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Identifying new drugs for prostate cancer therapy

By Dr Catherine Drummond

Dr Catherine Drummond has been funded $241,659 to support her research.

Dr Catherine Drummond, University of Otago

Identifying new drugs for prostate cancer therapy

Prostate cancer accounts for 27% of all male cancers and every year over 3000 New Zealand men are diagnosed with the disease. The poor survival rate of patients with metastatic disease highlights the need to find more effective treatment strategies for prostate cancer patients.

Previous research has shown that a protein called Δ133p53β is highly expressed in some cancer types and promotes cancer growth when dysregulated. We think that Δ133p53β may play a role in prostate cancer. Thus, it is thought that inhibiting Δ133p53β activity may have a therapeutic benefit for patients. Currently there are no known inhibitors of Δ133p53β, nor is it known how to inhibit Δ133p53β pharmacologically.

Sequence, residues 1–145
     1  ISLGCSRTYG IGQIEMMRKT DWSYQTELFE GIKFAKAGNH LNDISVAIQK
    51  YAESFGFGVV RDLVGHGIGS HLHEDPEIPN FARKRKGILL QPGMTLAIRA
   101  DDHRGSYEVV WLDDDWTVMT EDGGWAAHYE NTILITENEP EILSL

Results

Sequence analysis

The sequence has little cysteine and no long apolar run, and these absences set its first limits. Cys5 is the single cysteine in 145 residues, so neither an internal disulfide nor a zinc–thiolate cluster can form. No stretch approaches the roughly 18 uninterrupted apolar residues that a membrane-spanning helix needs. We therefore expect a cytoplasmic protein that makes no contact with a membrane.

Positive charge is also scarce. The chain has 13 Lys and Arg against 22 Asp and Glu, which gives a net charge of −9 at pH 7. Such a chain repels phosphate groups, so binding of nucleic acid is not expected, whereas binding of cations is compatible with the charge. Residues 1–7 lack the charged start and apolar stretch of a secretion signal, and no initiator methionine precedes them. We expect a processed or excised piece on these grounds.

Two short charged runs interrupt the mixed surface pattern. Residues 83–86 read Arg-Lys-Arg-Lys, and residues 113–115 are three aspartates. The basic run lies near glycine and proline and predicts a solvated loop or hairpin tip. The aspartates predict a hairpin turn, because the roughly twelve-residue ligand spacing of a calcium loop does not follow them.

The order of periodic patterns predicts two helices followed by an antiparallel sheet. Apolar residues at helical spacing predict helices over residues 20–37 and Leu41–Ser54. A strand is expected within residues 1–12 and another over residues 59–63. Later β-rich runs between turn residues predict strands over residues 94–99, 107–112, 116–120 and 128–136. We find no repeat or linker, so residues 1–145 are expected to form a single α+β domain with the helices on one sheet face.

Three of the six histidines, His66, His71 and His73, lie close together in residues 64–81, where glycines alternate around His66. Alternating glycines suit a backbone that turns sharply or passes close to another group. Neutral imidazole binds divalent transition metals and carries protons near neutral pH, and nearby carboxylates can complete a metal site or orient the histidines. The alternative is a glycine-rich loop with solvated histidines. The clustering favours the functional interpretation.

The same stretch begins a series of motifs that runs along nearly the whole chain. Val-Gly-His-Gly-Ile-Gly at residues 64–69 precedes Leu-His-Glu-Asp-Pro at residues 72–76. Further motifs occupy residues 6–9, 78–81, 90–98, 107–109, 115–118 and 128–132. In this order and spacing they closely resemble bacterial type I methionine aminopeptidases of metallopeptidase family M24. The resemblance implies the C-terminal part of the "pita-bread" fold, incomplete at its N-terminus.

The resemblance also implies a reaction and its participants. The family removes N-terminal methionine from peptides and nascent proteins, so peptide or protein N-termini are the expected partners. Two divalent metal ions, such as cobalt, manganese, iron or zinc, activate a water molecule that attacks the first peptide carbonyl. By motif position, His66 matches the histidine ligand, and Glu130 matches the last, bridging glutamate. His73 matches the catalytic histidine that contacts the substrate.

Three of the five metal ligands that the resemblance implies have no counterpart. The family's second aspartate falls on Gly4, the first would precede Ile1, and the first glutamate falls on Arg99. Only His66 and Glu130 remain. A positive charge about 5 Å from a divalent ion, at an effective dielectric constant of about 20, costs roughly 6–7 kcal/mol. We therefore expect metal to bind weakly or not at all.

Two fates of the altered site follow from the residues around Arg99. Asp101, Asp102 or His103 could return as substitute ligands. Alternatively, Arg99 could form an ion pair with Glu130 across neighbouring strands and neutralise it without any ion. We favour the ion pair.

Our researchers will develop a strategy for identifying Δ133p53β inhibitors. They will also test a number of clinically approved drugs for their ability to inhibit Δ133p53β.

How will it help people affected by cancer?

If successful, this research could lead to the first known Δ133p53β inhibitors and provide new approaches for treating prostate cancer patients.